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'Plastic' lab confers a form of immortality

Colleges and UniversitiesScientific ResearchScienceArtArts and Culture

The first thing you notice upon entering the tidy white room is the pervasive smell of formaldehyde.

Then you see four people in lab coats cutting into an enormous, dripping elephant's heart. A few feet away is a table strewed with a human head, feet and arms. And on a shelf nearby sits a large set of someone's no-longer-functioning intestines.

Oh dear, you realize, it's another day at Orange Coast College, full of learning and fun.

"How beautiful!" exclaims Ann T. Harmer as the grisly, pink 70-pound heart emerges halved from the Butcher Boy saw. "It's going to be gorgeous."

Thus passes an event that has become somewhat routine in this little corner of suburban Orange County: a new contribution by the college plastination lab to science and art.

Harmer, a professor of biological sciences at the Costa Mesa campus, founded the lab in 1994 with fellow professor Sharon Daniel after visiting a San Diego science facility to retrieve a cadaver.

"The curator showed us his plastination lab and we lost our minds," the professor recalls. "It was the most amazing teaching tool we'd ever seen."

Today, she believes, their creation is the granddaddy of all community college plastination labs.

The theory by which it operates is simple and well known: Replacing the water in a biological specimen with silicone polymer preserves it forever in something akin to plastic form. The process, invented by a German doctor in 1978 and used primarily on human bodies, has been made famous by exhibits such as "Body World 3," currently at the California Science Center in Los Angeles.

At OCC it is used to create educational exhibits for the college students and for paying customers, including museums, hospitals and other schools.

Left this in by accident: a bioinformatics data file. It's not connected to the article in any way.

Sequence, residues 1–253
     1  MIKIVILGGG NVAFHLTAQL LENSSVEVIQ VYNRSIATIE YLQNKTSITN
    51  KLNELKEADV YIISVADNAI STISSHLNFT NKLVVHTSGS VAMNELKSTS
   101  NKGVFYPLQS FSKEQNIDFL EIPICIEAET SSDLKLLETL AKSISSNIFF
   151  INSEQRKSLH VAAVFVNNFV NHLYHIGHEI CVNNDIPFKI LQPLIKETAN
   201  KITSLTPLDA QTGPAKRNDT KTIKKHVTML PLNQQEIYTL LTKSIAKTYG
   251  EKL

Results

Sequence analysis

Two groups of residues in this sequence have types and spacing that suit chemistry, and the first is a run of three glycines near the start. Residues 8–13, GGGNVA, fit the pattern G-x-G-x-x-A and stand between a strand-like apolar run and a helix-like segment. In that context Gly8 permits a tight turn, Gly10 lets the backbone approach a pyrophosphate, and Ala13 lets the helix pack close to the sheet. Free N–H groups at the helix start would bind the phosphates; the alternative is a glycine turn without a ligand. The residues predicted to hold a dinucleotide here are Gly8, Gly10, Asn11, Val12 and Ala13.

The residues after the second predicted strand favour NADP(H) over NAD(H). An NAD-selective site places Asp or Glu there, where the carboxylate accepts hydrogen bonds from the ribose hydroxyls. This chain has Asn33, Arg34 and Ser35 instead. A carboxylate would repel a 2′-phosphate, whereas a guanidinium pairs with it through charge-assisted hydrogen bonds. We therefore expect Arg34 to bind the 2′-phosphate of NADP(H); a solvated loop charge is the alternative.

"It's very artistic," says Harmer, who has degrees in both science and art history. "If you are familiar with works of art, many of them depict the human body.

Early anatomists were also artists; they tried to represent the human body in ways that were educational but also pleasing to the eye."

Of the estimated 1,000 specimens produced at OCC so far, she said, about 75% have been human bodies willed for the purpose. The rest include a variety of other species such as dogs, cats, rats, fetal pigs, fish, baby dolphins, sand sharks, an octopus and at least one enormous crab.

"We think of it all as art," Harmer says.

The process begins with the body, which is preserved in formaldehyde until it can be dissected to the artist's -- or client's -- taste. It is then dipped into acetone, which replaces the water, and submerged in a polymer bath. Finally, the specimen is cured for up to six months to let everything dry.

"I think it's incredible," said Christine Todd, 31, a pre-med student who dreams of becoming a surgeon and likes to help out at the lab. "It's an amazing way for students to learn; it's great practice in sharpening your skills."

On any given day, the lab is adorned with numerous examples of its work. The dainty arm on the table belonged to a 23-year-old woman who died of cystic fibrosis, Harmer explains. Nearby, under a velvet canopy of black and purple, is most of the rest of her body, cut into 48 horizontal slabs revealing her internal anatomy from head to lower torso.

"We call her Bernadette," Harmer says, "because we thought she was a saint for contributing her body."

Next to the arm is an elderly man's head, also cut into slices. And placed neatly along a series of shelves are, among other things, several diseased kidneys and bladders, a pair of black smokers' lungs, a few ruined human hearts and an alcoholic's brain pocked deeply with scars.

"That's why we like to bring students in here," Harmer explains. "This is what your brain really looks like on drugs -- not a fried egg."

In fact, she says, hundreds of people tour the lab each year, including elementary school children and retired senior citizens. At the core of the program, however, are the college students who perform much of the work and learn from their chores.

Among them is James Coopman, 23, a pre-nursing major who volunteers here part time and hopes to one day specialize in removing living organs from the bodies of donors who have died.

"This really helps," he says, shortly after guiding the elephant's big heart expertly through the saw.

Then he spreads the two halves open wide, proudly displaying the organ's inner workings.

"It's like flying an airplane," Coopman explains. "You can learn from a book, but you don't really know what it's like until you get behind the wheel."

david.haldane@latimes.com

Copyright © 2014, Los Angeles Times
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